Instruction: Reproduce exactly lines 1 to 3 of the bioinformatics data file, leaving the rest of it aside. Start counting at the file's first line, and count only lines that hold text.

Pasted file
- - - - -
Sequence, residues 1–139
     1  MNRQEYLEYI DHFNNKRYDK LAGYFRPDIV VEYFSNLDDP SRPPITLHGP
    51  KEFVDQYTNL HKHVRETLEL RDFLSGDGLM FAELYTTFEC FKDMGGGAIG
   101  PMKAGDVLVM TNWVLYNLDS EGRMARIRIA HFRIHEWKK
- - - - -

Sequence, residues 1–139
     1  MNRQEYLEYI DHFNNKRYDK LAGYFRPDIV VEYFSNLDDP SRPPITLHGP
    51  KEFVDQYTNL HKHVRETLEL RDFLSGDGLM FAELYTTFEC FKDMGGGAIG